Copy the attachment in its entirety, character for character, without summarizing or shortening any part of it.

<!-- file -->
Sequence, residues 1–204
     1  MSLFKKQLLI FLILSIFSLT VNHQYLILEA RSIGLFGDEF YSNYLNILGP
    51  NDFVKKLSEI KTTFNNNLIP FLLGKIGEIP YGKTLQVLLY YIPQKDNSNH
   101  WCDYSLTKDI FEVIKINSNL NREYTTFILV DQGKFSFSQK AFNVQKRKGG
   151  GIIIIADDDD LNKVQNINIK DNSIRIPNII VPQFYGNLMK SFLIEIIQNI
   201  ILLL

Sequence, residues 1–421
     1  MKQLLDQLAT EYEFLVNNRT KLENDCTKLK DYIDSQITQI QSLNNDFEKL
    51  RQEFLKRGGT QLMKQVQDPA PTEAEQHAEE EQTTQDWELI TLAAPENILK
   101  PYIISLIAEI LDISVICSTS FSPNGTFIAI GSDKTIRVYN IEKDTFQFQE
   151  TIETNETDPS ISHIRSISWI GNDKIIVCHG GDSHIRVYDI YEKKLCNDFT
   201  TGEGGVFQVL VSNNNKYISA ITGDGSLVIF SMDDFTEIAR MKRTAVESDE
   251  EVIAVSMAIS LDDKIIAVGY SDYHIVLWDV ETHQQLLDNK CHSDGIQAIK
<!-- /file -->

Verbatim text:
Sequence, residues 1–204
     1  MSLFKKQLLI FLILSIFSLT VNHQYLILEA RSIGLFGDEF YSNYLNILGP
    51  NDFVKKLSEI KTTFNNNLIP FLLGKIGEIP YGKTLQVLLY YIPQKDNSNH
   101  WCDYSLTKDI FEVIKINSNL NREYTTFILV DQGKFSFSQK AFNVQKRKGG
   151  GIIIIADDDD LNKVQNINIK DNSIRIPNII VPQFYGNLMK SFLIEIIQNI
   201  ILLL

Sequence, residues 1–421
     1  MKQLLDQLAT EYEFLVNNRT KLENDCTKLK DYIDSQITQI QSLNNDFEKL
    51  RQEFLKRGGT QLMKQVQDPA PTEAEQHAEE EQTTQDWELI TLAAPENILK
   101  PYIISLIAEI LDISVICSTS FSPNGTFIAI GSDKTIRVYN IEKDTFQFQE
   151  TIETNETDPS ISHIRSISWI GNDKIIVCHG GDSHIRVYDI YEKKLCNDFT
   201  TGEGGVFQVL VSNNNKYISA ITGDGSLVIF SMDDFTEIAR MKRTAVESDE
   251  EVIAVSMAIS LDDKIIAVGY SDYHIVLWDV ETHQQLLDNK CHSDGIQAIK